Later, when I typeset the index to the second edition of Volume 2, using an early prototype of TeX in 1980, I had the ability to include Chinese and Japanese names in their native form. And by the time the third editions came out in the 1990s, I was also able use Greek, Hebrew, and Cyrillic alphabets, and to present Arabic and Indian names in appropriate native scripts. At last I did not have to rely entirely on transliteration when listing the name of the father of algorithms, Abu Ja‘far Mohammed ibn Mūsā al-Khowārizmī. I even hand-crafted an ancient Sumerian name by using METAFONT to draw the necessary characters of a cuneiform alphabet.
Over the years, many people have told me how they've greatly appreciated this feature of my books. It has turned out to be a beautiful way to relish the fact that computer science is the result of thousands of individual contributions from people with a huge variety of cultural backgrounds.
And at last, thanks to Unicode, the world's alphabets and scripts are present on almost everybody's computers and cellphones. So it's easy now for people who use different writing systems to share their names with each other.
The American Mathematical Society has recently launched a great initiative by which all authors can now fully identify themselves, without becoming egocentric and immodest. It's an extension to the Author Profile feature that was introduced some years ago: You can now characterize your name, not only in the customary western alphabets used in traditional AMS publications, but also in any native script.
It's really easy to update your profile: Ed Dunne has given nice step-by-step instructions together with several well-chosen examples. (See the related story by Allyn Jackson in Notices of the American Mathematical Society, January 2018, pages 59–60.)
I strongly encourage everybody to document their full names at the AMS site, as soon as possible. Just go to http://www.ams.org/mathscinet/MRAuthorID/search and identify yourself. That database already contains more than 860,000 authors, so you'll be in good company. Even if you weren't born in a country with exotic characters, I urge you to complete your author profile by including any middle name(s) that you have. I don't think those names should appear only in a few legal papers and on your dissertation. Even if you never actually use them in publications, they are an important part of life. The rest of us shouldn't have to wait to learn your full name until Wikipedia has a page for you.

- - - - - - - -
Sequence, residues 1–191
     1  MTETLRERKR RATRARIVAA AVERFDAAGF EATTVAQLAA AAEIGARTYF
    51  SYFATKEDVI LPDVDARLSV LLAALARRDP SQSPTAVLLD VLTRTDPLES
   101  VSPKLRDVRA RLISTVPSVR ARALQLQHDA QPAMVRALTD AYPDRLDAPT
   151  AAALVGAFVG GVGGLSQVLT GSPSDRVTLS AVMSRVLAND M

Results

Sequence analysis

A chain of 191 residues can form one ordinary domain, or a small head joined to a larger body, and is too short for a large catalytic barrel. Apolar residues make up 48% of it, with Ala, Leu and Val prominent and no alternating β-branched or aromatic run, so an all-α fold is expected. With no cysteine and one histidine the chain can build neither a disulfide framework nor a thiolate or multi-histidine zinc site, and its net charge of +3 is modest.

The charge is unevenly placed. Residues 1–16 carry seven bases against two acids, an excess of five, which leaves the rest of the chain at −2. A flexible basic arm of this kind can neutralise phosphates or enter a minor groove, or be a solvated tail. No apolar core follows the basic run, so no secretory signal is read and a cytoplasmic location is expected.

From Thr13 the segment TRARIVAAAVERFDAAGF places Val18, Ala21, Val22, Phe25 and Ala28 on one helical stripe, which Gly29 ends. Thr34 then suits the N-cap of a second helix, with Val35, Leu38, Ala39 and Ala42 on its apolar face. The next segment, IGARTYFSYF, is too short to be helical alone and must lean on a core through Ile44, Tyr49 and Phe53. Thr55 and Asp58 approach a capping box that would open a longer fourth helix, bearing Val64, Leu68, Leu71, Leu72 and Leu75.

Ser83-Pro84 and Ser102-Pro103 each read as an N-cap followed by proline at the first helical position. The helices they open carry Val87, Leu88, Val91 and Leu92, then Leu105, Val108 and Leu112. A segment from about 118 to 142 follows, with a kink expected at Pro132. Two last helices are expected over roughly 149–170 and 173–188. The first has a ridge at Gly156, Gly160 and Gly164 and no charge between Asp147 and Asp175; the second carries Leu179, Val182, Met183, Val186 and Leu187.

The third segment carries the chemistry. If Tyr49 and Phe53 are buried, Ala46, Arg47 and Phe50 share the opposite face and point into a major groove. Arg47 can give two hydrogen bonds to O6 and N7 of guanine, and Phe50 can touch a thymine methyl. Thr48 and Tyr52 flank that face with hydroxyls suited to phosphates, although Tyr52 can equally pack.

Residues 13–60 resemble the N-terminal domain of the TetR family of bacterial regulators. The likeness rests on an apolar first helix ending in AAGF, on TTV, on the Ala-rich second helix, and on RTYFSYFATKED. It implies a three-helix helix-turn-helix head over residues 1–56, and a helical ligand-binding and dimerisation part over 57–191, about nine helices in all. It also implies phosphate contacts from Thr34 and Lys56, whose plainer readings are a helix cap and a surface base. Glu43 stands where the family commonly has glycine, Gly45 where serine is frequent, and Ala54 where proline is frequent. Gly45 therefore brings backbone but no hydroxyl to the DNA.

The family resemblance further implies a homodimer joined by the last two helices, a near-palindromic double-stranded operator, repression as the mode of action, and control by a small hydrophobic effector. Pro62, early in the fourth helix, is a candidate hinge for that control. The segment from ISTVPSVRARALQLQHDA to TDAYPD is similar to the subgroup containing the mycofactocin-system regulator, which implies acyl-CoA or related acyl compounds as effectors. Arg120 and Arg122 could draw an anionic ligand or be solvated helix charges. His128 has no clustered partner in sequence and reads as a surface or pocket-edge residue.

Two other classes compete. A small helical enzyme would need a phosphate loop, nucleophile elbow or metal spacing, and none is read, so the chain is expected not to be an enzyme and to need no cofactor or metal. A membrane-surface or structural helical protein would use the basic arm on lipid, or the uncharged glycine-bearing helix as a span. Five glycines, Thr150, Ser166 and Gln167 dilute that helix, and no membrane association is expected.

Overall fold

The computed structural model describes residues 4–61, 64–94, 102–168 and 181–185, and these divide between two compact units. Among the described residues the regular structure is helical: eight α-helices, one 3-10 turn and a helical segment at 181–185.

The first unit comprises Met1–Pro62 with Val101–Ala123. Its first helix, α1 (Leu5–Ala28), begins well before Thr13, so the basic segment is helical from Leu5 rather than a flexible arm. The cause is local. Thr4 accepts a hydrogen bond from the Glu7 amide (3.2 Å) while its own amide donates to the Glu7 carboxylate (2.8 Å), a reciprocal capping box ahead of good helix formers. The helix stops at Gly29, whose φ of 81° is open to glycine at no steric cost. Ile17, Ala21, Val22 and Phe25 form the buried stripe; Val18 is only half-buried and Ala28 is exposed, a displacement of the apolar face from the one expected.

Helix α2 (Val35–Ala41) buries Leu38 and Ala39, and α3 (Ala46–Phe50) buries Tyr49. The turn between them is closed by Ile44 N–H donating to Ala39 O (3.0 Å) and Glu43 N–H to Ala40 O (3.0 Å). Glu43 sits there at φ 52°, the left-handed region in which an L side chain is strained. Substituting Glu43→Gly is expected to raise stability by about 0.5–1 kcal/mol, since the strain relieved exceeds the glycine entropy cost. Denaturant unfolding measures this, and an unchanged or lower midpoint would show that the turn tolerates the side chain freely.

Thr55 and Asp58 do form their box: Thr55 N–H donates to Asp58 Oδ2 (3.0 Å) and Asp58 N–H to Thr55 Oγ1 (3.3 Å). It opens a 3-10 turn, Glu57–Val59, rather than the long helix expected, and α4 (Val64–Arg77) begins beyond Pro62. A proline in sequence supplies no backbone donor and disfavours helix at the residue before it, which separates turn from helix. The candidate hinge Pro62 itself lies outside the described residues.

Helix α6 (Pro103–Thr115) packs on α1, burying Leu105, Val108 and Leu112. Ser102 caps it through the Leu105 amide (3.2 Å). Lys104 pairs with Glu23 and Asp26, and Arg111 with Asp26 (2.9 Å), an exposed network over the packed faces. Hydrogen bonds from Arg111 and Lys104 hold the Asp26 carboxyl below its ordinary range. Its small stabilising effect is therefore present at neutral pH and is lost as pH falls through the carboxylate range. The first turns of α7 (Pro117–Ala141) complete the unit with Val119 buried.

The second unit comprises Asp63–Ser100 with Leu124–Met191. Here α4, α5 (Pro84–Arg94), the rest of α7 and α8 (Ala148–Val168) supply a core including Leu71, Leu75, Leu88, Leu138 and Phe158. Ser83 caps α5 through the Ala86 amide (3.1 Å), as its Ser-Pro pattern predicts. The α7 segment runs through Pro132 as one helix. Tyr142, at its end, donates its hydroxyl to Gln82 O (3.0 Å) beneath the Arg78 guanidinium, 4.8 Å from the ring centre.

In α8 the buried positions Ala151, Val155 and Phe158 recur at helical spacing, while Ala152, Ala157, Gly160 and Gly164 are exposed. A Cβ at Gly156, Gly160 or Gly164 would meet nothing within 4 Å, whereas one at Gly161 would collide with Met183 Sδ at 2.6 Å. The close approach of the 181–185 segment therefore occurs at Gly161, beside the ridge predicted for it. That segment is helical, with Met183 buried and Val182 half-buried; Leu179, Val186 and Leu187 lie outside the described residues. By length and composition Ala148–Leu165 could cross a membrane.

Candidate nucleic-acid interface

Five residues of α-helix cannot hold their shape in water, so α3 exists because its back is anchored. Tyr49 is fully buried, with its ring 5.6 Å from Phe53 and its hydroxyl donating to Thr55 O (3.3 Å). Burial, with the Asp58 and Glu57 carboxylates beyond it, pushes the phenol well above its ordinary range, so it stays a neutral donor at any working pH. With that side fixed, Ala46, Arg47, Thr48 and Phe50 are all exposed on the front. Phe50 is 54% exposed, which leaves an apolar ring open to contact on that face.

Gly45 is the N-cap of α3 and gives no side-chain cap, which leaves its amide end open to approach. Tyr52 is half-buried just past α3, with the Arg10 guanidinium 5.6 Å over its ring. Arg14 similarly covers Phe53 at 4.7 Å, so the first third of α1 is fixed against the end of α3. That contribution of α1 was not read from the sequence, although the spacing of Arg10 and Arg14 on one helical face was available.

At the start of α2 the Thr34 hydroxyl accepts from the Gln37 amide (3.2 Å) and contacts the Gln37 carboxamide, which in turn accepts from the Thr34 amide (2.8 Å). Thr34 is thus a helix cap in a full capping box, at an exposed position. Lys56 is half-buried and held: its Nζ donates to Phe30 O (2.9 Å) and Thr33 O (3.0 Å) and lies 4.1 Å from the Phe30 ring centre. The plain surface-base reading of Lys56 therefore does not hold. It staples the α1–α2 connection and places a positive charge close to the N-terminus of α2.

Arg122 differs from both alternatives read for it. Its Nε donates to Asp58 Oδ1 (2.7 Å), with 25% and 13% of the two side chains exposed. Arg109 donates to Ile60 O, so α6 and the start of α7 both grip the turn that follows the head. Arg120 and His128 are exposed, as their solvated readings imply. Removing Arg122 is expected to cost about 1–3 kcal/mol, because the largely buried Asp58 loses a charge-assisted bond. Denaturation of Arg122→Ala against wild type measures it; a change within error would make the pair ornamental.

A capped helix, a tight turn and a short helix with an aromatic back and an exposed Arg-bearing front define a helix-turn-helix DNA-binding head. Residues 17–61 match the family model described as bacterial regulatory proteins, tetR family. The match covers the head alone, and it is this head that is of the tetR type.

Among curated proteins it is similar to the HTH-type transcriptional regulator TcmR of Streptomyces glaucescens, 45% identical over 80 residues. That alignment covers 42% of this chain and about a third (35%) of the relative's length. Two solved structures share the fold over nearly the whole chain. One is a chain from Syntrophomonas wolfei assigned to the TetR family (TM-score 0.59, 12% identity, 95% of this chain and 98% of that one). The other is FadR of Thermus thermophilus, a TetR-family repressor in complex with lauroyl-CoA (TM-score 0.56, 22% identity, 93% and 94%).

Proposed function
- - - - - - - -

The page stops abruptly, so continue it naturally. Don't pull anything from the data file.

Of course, if you have only two names, that's fine too.
Volume 4B will begin with a special section called ‘Mathematical Preliminaries Redux’, which extends the ‘Mathematical Preliminaries’ of Section 1.2 in Volume 1 to things that I didn't know about in the 1960s. Most of this new material deals with probabilities and expectations of random events; there's also an introduction to the theory of martingales.
You can have a sneak preview by looking at the current draft of pre-fascicle 5a (55 pages), last updated 03 May 2017. As usual, rewards will be given to whoever is first to find and report errors or to make valuable suggestions. I'm particularly interested in receiving feedback about the exercises (of which there are 131) and their answers (of which there are 131).
There's stuff in here that isn't in Wikipedia yet!
Adventurous people might also dare to take a peek at the current draft of pre-fascicle 5b (“Introduction to Backtracking”), and the current draft of pre-fascicle 5c (“Dancing Links”). I hope to have Volume 4 Fascicle 5 complete and available in paperbook early this year.
Although I must stay home most of the time and work on yet more books that I've promised to complete, I do occasionally get into speaking mode. Here is a current schedule of events that have been planned for this year so far: